Academic Advising and Resources

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Advising

Academic Advising

Students may see a dean about any academic concern they may have. Some areas where consultation with a dean is strongly suggested, or even necessary, follow below:

Students should see one of the deans about a number of issues and procedures that arise in planning academic programs:

Committee on Academic Standing: Those students who are submitting petitions to the Committee on Academic Standing might wish to discuss the matter with one of the deans. (All the deans sit with the Committee on Academic Standing to advise its members on student cases; the Dean and the Associate Dean of the College are voting members of that Committee.)

Complaints About Grading: Except in those cases where a grievance committee has found an assigned grade to have been the result of discrimination, nothing in the grievance procedure affects the responsibility and authority of individual members of the faculty to evaluate and grade the work of students in their courses. In the event of other allegations of improper or unfair grading, the Dean of the College may investigate and mediate, but final responsibility for grading rests with the instructor.

Contract Majors: Sophomores interested in designing contract majors should contact Dean McKeon to set up an initial conference before the end of Winter Study period. This conference will help them to prepare their applications, which are then due early in the Spring Semester.

The First-Year Academic Advising Program

The faculty of Williams College has repeatedly committed itself to a primary and active role in the academic and general advising of its students. This is one of the hallmarks of an education at Williams. For this reason there is a comparatively small administrative structure of advising services. The Career Center helps extensively with the transition to post-baccalaureate life; the Psychological Counseling Service, the Chaplains’ Office and the Dean’s Office help with more serious personal problems. But, in the area of academic planning the faculty can and must play the primary role.

Williams has three formal academic advising structures: major advising through individual departments, peer advising, and the First-Year Academic Advising Program. The program assigns groups of 3 to 6 first-year students to an advisor who normally meet with their advisees on four formal occasions:

  1. During First Days to review enrollment for the first semester.
  2. In early November to review the progress of the first semester and to review enrollments for Winter Study Period and second semester.
  3. In April to review enrollments for sophomore year.
  4. At the start of Sophomore year during the pre-registrarion period to discuss plans for spring term.

The primary mission of this program is academic advising, which means: exploring the intentions that each student has in structuring his/her first year; defining the values of a liberal education that are most important for each student; encouraging students to see the connections between the courses they are taking and other aspects of their life at Williams; ensuring that the divisional requirements and limits on early concentration are met; finding answers to the many questions first-year students have; and, being alert and available when signs of academic difficulties arise.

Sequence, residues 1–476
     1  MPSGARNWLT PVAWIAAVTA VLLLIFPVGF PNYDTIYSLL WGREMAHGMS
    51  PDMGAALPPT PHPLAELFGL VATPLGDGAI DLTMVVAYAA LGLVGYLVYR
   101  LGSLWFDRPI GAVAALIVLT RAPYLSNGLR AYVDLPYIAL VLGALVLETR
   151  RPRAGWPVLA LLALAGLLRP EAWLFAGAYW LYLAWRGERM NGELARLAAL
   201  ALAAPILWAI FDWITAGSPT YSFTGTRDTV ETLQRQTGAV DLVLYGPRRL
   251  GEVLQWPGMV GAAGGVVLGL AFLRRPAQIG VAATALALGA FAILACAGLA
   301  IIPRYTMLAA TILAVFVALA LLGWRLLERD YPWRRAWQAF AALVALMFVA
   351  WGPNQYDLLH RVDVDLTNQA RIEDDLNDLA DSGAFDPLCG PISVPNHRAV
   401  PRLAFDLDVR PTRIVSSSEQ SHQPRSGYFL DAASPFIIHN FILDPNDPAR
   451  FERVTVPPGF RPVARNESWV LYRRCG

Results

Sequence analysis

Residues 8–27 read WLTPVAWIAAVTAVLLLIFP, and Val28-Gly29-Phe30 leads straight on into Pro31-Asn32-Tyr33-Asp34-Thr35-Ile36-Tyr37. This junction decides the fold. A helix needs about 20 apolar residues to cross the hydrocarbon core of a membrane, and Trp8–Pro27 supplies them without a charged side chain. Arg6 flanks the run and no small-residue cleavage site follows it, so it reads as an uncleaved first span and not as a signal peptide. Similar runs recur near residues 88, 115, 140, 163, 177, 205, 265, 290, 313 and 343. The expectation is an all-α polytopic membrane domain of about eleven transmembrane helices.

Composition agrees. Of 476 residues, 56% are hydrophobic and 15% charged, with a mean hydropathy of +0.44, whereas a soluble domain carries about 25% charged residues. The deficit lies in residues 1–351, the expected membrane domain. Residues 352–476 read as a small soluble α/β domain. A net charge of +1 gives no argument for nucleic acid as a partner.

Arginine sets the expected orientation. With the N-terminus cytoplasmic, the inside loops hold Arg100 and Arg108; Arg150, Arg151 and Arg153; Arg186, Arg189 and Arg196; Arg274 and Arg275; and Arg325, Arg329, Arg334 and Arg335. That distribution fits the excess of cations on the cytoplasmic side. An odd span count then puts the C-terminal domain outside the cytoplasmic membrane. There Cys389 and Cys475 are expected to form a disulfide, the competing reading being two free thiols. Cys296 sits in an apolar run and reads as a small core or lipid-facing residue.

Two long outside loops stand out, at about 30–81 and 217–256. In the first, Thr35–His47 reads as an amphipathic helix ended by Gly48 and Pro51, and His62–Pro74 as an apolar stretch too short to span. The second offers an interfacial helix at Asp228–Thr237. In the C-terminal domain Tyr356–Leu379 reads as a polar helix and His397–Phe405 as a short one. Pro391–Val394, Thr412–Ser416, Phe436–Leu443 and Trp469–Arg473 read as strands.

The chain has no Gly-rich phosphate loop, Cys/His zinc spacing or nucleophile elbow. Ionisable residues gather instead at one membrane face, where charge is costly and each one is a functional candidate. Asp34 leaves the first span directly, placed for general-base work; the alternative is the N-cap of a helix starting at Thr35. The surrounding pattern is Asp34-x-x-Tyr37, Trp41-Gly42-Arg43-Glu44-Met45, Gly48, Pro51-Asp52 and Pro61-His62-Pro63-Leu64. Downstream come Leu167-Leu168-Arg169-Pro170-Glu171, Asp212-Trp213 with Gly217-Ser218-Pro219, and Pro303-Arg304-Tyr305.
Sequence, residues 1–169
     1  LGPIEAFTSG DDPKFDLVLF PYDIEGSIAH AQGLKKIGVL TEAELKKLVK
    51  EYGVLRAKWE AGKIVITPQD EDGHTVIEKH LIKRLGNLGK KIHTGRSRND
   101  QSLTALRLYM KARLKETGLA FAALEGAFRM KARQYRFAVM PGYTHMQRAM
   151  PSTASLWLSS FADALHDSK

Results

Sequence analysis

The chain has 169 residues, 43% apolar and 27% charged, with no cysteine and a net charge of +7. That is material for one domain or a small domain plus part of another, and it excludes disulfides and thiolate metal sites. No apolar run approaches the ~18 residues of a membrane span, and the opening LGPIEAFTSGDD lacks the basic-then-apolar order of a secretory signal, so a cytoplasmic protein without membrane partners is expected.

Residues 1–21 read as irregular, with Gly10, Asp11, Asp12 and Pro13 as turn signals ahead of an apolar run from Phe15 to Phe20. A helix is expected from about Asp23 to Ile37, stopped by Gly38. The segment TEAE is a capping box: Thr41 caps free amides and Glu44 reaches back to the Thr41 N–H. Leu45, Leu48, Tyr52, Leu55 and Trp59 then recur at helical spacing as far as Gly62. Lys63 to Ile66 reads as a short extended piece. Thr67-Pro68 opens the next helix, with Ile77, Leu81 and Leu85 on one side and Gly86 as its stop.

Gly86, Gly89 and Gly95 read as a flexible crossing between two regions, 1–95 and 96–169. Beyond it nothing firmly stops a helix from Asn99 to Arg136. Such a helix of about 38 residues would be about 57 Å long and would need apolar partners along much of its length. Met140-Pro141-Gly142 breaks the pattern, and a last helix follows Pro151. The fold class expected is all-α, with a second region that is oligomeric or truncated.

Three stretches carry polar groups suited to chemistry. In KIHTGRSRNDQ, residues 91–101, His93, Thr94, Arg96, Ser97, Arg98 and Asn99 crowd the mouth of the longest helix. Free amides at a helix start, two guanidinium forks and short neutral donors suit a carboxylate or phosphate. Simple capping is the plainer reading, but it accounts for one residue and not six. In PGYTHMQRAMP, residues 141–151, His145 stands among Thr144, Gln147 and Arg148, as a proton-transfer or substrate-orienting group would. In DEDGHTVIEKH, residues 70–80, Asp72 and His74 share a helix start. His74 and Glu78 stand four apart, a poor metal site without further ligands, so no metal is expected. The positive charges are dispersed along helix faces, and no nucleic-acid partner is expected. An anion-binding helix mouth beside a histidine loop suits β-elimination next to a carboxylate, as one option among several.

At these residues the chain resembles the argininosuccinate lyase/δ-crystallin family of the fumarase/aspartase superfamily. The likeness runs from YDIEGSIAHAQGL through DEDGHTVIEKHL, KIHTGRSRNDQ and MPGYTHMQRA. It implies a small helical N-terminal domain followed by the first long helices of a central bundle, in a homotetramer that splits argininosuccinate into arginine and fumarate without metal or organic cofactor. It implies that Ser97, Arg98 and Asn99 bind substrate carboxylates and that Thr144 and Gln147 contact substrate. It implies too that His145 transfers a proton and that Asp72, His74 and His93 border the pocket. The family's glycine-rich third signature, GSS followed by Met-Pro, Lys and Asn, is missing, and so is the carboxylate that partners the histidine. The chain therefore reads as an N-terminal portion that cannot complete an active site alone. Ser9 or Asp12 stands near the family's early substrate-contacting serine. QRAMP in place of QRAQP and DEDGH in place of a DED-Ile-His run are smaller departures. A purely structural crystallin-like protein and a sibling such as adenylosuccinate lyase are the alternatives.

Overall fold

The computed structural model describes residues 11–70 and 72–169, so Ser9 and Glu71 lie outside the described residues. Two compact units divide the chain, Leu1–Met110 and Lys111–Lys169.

Character of the First-Year Advising Program

To create more realistic expectations on both the part of the advisor and the advisee, it may be useful to address some expectations that are often misconceptions.

Some Misconceptions of Students

My advisor is going to set goals.

Most of our students come from high schools where guidance counselors worked with them as college-bound students. Their immediate goal was thus clear and has been achieved. What comes after college is not at all so clear, and the model of successful high school counseling is irrelevant to college. It is up to the student to set his/her goals both for college and beyond.

My advisor is going to decide what courses should be taken.

Decisions about courses to take in high school are relatively fixed by the character of the secondary school curriculum. This is not the case in college, where students encounter a rich and diverse curriculum. At College decisions about what courses to take must be made by the student with as much information as possible gathered from appropriate sources. An advisor can help define what interests a student and should push him/her into areas that a student wants to avoid or had not thought about studying. In the end, however, it is vital that both advisor and advisee recognize that the student has to make up his/her own mind. The content and direction of their education is in the students’ own hands, and a major part of the move from secondary school to college comes in realizing and acting upon that essential fact.

My advisor is going to give guidance on particular courses or instructors.

Students should not expect advisors to comment on these areas. They are already receiving much information from the grapevine,. The single lesson an advisor can teach in this area is to be cautious about what the grapevine says and to recognize its limited applicability to any particular student’s situation. First-year students have entered a world that is strange to them. It is inevitable that they will often believe the first thing they hear. But the herding instinct of first-year students is counter-productive to their individualization and their discovery of the diversity of opportunities they have here. Advisors can push against this instinct and offer more reasoned and judicious advice than the student is sometimes getting from their peers.

My advisor is going to meet all my advising needs.

Making academic decisions in college is a complex process. No single advisor will meet all a student’s needs. Students should be encouraged to seek advice from many sources in addition to their advisor, especially teachers, deans, department and program chairs, and JAs. Good advising relationships depend on many factors, including personalities and the student’s evolving goals and interests. Urge your advisees to be aware of these factors; feel free to guide them elsewhere if they have questions you can’t answer, or seem unreceptive to your ideas.

Some Misconceptions of Advisors

I need to know everything about the curriculum to be an effective advisor.

By this standard no one could be a first-year advisor, for we all know only certain aspects of the curriculum. Few of us know the College well enough to have a full grasp of the curriculum. The important thing is to know what we don’t know and to consult our colleagues and the Dean’s Office to find out what we need to know. Toward this end all department/program heads have been asked to be available for questions during the First Days advising period.